Organizers hope to draw a million people to the main protest.
SAN JUAN, P.R. — Thousands of Puerto Ricans shut down traffic on a major highway in San Juan early on Monday, assembling for what is expected to be one of the largest protests the island has ever seen against Gov. Ricardo A. Rosselló, who has resisted persistent calls for his resignation.
People arrived by the busload hours before the demonstration was scheduled to begin, carrying Puerto Rican flags, protest signs and whistles. They broke into chants demanding the ouster of Mr. Rosselló, who said on Sunday that he will not seek re-election in 2020 but will remain in office — and face possible impeachment.
Monday’s protest is part of an island-wide strike that could paralyze Puerto Rico beyond San Juan. Organizers hope to draw a million people — about a third of the island’s population — to the highway, Expreso Las Américas. That would eclipse the massive crowd that marched from the Capitol to the governor’s mansion, La Fortaleza, last Wednesday, culminating in clashes with the police.
A series of scandalous text messages touched off the demonstrations.
Protests against Mr. Rosselló began more than a week ago, after the publication of 889 pages of a leaked group chat between the governor and his closest aides. Besides being offensive, the messages revealed a cozy relationship between the governor and former staff members who now represent special interests.
The crude messages were the final straw for Puerto Ricans who have suffered for years because of economic austerity measures and the devastation of Hurricane Maria.
The capital’s biggest mall won’t open and cruise ships are being turned away.
Mr. Rosselló’s defiance and decision to remain in office has only fueled protesters to stay in the streets longer. Late on Sunday, demonstrators trapped a group of mayors and lawmakers who had met with the governor, blocking them from leaving until the police intervened. The spontaneous protest took place in the upscale municipality of Guaynabo, a place typically supportive of the governor, signaling that he has few places on the island left on his side.
Ahead of Monday’s march, the biggest shopping mall in San Juan, Plaza Las Américas, announced that it would not open for the day. Some banks also were closed, and university classes were canceled.
And cruise ships will again be diverted from calling at the port on Monday, keeping thousands of tourists away from small businesses in Old San Juan that depend on them.
On Monday morning, El Nuevo Día, Puerto Rico’s largest newspaper, published a rare front-page editorial. “Governor, it’s time to listen to the people,” read the above-the-fold headline. “You must resign.”
The protests are drawing people from all walks of life.
Attending the march on Monday were Puerto Ricans not only from municipalities across the island but also from the vast Puerto Rican diaspora, returning to the island to join the protests.
There were retirees, college students, waiters, electricians, truckers — groups that sometimes protest separately but rarely, if ever, together. Some marchers shared sandwiches to keep their energy up under the blazing sun. The heat index was forecast to exceed 100 degrees.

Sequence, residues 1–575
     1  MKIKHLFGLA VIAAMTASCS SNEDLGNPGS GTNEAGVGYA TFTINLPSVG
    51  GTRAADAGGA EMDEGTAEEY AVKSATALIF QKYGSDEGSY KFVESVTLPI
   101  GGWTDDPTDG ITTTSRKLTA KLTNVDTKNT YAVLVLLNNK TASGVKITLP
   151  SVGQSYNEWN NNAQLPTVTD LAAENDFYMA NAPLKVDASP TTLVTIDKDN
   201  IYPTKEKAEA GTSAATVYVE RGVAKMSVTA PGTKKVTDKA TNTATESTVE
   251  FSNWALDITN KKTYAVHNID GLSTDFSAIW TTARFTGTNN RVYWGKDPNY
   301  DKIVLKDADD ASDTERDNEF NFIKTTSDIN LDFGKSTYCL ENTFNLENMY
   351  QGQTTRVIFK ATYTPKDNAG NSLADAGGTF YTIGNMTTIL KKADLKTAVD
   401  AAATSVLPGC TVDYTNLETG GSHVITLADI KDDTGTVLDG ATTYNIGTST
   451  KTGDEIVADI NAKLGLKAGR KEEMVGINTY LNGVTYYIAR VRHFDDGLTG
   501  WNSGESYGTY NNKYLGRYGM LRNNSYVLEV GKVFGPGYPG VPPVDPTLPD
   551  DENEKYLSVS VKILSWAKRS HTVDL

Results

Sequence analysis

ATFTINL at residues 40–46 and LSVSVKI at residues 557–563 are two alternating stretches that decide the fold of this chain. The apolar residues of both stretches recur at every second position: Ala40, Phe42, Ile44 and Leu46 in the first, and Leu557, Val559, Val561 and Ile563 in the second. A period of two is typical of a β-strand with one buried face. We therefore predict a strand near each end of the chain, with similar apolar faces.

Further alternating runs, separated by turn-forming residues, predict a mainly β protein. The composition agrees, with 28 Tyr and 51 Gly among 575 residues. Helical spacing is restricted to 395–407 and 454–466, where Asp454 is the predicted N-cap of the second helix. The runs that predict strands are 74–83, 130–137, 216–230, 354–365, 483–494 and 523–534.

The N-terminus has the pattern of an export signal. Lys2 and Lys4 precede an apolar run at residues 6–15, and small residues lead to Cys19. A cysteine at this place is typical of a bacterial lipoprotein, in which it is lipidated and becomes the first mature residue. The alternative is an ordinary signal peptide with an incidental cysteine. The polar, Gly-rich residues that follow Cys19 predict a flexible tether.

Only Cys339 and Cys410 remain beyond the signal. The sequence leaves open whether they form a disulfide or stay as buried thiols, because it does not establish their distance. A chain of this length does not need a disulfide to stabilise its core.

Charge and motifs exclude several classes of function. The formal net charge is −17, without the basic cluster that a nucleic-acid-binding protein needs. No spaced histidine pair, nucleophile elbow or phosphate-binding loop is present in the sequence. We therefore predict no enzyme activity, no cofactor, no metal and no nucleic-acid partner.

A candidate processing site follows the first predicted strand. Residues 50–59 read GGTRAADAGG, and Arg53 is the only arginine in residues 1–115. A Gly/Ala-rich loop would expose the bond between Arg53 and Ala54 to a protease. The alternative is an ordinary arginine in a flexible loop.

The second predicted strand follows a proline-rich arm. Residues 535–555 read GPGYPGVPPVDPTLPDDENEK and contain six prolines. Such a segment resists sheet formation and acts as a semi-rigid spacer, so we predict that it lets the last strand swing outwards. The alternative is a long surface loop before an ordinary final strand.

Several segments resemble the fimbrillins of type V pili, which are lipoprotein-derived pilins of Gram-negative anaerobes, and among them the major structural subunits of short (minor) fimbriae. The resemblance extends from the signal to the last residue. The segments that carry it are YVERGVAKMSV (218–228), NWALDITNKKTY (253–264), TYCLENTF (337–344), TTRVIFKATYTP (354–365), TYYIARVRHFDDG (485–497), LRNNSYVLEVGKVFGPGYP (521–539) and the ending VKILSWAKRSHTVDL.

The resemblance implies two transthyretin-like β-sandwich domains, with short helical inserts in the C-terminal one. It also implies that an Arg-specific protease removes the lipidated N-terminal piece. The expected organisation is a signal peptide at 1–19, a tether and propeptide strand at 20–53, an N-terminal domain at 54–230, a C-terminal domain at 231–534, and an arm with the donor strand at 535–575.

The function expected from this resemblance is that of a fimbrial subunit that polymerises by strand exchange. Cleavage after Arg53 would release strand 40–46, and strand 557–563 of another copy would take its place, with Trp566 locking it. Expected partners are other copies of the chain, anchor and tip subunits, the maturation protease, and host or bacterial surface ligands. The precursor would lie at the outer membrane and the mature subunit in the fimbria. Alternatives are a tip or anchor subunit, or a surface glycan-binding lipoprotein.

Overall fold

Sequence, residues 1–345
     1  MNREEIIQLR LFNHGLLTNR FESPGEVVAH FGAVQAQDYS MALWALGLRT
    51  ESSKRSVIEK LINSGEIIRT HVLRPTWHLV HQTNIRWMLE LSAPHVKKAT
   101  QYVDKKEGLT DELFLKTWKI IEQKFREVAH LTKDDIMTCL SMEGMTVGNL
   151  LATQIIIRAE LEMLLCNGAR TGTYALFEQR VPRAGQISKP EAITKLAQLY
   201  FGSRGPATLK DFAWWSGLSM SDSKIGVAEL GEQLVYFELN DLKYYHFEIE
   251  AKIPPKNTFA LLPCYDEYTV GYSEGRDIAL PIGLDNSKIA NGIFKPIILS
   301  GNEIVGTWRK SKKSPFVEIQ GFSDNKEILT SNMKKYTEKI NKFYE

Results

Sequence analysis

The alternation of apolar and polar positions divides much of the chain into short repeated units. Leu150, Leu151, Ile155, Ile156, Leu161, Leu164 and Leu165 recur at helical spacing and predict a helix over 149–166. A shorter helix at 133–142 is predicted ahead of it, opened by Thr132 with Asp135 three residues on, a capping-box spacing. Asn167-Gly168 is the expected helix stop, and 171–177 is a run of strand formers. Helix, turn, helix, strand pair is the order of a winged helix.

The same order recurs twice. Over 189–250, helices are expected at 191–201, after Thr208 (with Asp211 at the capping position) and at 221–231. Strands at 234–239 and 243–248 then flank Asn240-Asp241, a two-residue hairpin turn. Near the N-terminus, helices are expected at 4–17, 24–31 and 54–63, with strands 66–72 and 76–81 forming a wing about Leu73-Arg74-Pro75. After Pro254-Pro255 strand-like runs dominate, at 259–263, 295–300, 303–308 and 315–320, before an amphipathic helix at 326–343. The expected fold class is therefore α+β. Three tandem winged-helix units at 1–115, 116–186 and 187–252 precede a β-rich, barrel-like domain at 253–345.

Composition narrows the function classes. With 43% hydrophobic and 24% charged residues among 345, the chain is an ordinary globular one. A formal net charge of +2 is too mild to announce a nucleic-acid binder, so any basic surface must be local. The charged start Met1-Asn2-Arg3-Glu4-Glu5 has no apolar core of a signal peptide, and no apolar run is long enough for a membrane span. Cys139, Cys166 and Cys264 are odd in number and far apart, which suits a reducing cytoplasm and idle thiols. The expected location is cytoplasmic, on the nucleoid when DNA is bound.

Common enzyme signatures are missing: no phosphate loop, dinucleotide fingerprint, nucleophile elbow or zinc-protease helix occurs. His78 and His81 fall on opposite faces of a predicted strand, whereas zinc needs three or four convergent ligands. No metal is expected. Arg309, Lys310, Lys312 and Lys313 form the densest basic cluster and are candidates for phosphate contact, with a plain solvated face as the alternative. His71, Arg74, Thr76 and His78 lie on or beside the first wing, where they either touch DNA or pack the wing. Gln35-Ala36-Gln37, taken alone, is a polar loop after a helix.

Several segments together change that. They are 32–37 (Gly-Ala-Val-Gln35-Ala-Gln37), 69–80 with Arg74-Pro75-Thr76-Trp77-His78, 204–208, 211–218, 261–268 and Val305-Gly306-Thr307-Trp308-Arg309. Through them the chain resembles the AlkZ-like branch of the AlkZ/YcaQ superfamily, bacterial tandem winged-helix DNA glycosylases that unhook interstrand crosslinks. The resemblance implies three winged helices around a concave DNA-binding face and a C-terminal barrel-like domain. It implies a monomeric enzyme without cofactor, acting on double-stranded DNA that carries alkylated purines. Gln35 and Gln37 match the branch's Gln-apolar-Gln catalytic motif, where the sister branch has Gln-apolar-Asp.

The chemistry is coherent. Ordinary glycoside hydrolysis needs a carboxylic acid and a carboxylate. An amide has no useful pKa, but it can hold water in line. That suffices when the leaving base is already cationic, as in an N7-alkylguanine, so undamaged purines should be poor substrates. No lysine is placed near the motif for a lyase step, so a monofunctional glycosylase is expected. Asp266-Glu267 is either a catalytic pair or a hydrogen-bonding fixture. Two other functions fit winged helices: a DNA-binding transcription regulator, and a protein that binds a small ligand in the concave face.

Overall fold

Ruth Vélez, a 62-year-old retiree at the march, said Hurricane Maria destroyed her house in the municipality of Bayamón, and the government’s reconstruction program turned her down for help.
“I lived in that house for 30 years,” she said. “Now I’m on the street.”
Outside of Hiram Bithorn Stadium, the main gathering point for the protest in the San Juan neighborhood of Hato Rey, demonstrators arrived to music and kiosks selling anti-Rosselló memorabilia. The artists Ricky Martin and Residente were again expected to join the crowd.
“Wanted: A governor for Puerto Rico, because Puerto Rico doesn’t have a governor,” Residente wrote on Twitter on Monday.
Near the front of the march, protesters held a white banner with black letters that spelled out “#RickyRenuncia” and “#NiCorruptosNiCobardes” — Neither the corrupt nor the cowardly.
Marchers yelled, “Ricky, ¡renuncia, el pueblo te repudia!” — Ricky, resign, the people reject you.
Mismanagement, a recession and a botched response to Hurricane Maria are at the heart of the crisis.
The protests amount to a rejection of decades of mismanagement by leaders who always seemed to benefit while ordinary Puerto Ricans suffered. Grievances have been building up over 12 years of economic recession, a debt crisis that has prompted layoffs and cutbacks in public services and the botched response to Hurricane Maria.
The chat messages and the arrests this month of six people with ties to the Rosselló government were too much for many Puerto Ricans, who said they could no longer tolerate mocking, profanity and corruption, real or perceived, by leaders who were supposed to be fighting on their behalf in Washington and San Juan.
What do the protesters want?
They want to be rid of both Mr. Rosselló and another target of their ire, the unelected oversight board created by Congress to manage the finances of the island’s government, which owes far more than it can pay to its creditors. Thousands of government workers have been laid off, services have been cut, tuition raised and schools closed as Puerto Rico has struggled to resolve the debt crisis; none of that has been popular.
Mr. Rosselló has tried at times to push back against “la junta,” as the board is known. But many Puerto Ricans lump the two together in their frustration and fury. The protesters have taken to chanting “Ricky, renuncia, y llévate a la junta” — Ricky, resign, and take the board with you.
Frances Robles and Alejandra Rosa reported from San Juan, and Patricia Mazzei from Miami.